Central City’s frontier history is spelled out all over the city.
The telltale signs of the past are all here: the saloon storefronts with their creaky, swinging doors; the sidewalks made of cracked, wooden slats; the picturesque peaks of the Rocky Mountains in the background. With its brick façade and wooden balcony, the opera house on Eureka Street gives off an antique elegance befitting the frontier. Even the grizzled and bearded characters lolling on corner benches speak to a rugged Wild West scene. Combined with the old-timey font on the street signs and the metal plaques at the end of Main Street detailing the local history of gold mining in the mid-1800s, Central City has the convincing feel of the past.
But the present is never far away.
The bings and chimes of slot machines leak out of the saloon doors on a walk down Main Street. Century Casino looms in the center of this town with an official population of less than 600. There’s the constant, frenetic energy of a tourist attraction, a vibe that can cancel out the mood of cowboys and frontiersmen.
That duality is part of the charm of Central City, as well as neighboring Black Hawk. The two former gold mining camps a short drive from Interstate 70 make up the Central City/Black Hawk Historic District, and both places offer a surreal mix of old and new. Since Colorado legalized gambling in these two towns (as well as Cripple Creek) in 1991, they’ve become tourist destinations for busloads of hopeful gamblers looking to get lucky. They come in groups of dozens from all over the state; grizzled retirees who set up in front of slot machines for an entire afternoon.
The influence of these tourists is impossible to miss in Central City. The Reserve, the oldest and largest of the town’s casinos, sprawls along Gregory Street off the town’s main drag. The Century takes up a good chunk of Main Street, and the city’s other four casinos are within walking distance of each other. The industry helped spawn the construction of the 8.5-mile parkway off I-70 that leads directly to the town (the previous route ran through Black Hawk and potential gamblers were stopping early).
The mood definitely isn’t the same as Las Vegas. Sure, gambling has given another meaning to the tagline “The Richest Square Mile on Earth,” a nickname coined in the heady days of the Pike’s Peak Gold Rush in the 1850s. There’s a feel of excess and abandon here, but the city’s history and old West ambience keep it grounded in Colorado culture.
Restaurants like Dostal Alley Brewpub and (of course) Casino, an unassuming joint off Eureka Street that offers tasty slices and homemade beer, are part of the charm. There’s even a separate dining room from the casino for kids and families. Stella’s Café, a humbly sized eatery located in the upper level of the Famous Bonanza Casino, is another good place to get away from the chaos of the gambling floor. With great deals on burgers and sandwiches, the small restaurant is a quiet place to catch your breath.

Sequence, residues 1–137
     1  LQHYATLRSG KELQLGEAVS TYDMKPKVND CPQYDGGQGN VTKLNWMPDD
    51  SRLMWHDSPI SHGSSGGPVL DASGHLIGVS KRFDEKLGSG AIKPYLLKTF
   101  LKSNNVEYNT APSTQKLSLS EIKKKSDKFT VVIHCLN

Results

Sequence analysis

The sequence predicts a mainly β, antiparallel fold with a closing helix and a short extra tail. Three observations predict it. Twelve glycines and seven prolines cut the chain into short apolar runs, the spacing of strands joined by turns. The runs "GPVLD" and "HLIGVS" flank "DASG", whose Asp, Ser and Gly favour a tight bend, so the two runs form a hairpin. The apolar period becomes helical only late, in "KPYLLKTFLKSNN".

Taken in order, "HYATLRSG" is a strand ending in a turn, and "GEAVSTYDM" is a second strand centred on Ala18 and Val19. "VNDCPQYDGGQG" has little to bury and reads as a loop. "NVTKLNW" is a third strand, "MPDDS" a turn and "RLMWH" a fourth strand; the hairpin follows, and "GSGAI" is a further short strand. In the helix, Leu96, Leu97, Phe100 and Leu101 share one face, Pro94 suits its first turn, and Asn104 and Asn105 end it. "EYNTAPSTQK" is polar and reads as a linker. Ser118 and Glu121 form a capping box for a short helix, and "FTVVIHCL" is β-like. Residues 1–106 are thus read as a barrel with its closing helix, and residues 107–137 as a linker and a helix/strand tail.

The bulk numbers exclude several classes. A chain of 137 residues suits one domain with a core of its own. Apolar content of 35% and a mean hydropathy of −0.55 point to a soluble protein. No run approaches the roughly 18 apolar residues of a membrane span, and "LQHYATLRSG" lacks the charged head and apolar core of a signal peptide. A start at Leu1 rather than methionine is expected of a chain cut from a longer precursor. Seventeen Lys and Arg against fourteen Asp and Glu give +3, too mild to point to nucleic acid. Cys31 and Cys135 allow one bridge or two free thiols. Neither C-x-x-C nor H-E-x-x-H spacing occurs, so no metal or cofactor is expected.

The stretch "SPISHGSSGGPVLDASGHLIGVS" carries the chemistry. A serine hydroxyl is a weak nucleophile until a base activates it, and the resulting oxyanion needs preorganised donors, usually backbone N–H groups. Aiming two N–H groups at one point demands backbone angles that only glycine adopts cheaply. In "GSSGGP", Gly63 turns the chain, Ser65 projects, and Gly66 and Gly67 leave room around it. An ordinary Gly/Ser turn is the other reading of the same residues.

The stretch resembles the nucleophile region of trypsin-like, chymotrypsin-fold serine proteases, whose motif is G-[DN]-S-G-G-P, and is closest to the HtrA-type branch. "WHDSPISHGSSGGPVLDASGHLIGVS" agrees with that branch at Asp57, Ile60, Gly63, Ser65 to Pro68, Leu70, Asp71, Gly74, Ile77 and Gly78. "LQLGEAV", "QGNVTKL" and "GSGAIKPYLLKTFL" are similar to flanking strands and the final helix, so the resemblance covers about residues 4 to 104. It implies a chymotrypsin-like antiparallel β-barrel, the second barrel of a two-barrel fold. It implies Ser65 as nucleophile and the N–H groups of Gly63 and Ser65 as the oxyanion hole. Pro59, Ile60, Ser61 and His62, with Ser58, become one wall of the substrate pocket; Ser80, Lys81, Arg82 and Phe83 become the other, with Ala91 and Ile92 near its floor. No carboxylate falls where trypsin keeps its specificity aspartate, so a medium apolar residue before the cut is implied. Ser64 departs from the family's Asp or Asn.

The restaurants aren’t the only places in the city to rejuvenate. The Central City Opera is an unlikely cultural jewel, a company that rivals the best theater, music and art based in metro Denver. Built in 1877 by the Cornish and Welsh miners who did the toughest kind of work, the opera house started as a meeting ground for Central City’s commoners. This 550-seat theater wasn’t the refuge of hoity-toity opera lovers in tuxes sipping champagne; the venue kicked off as a place to share in a love of singing and culture.
Since then, the opera house has morphed into one of the signature opera companies in the state and beyond. Singers, directors, musicians and staff travel from across the country to stage productions in the summer. From standard fare like “Carmen” and “The Barber of Seville” to more modern works like “Showboat” and contemporary Chinese operas, the CCO has built a program that, like the city itself, fuses old and new.
The opera has become an integral part of the city—the historic houses and bungalows that surround the two-story theater are the summer residences of the opera company.
Next door on Eureka Street, the Teller House offers other colorful relics of Central City’s boom-and-bust past. Henry Teller opened the house in 1872 and he billed it as one of the most luxurious hotels west of the Mississippi.
More than a century later, the Teller House has retained that sense of opulence and class. Now a hotel/casino, the Teller House houses the most iconic image from Central City: an enigmatic female face painted on the barroom floor. Painted in 1936 by Herndon Davis, the expression is hard to read. The painting offers a peek into the past. Like Central City’s saloons, hotels and opera houses, the woman offers the mood and feel of another era.
But 2013 has a way of creeping in on that illusion.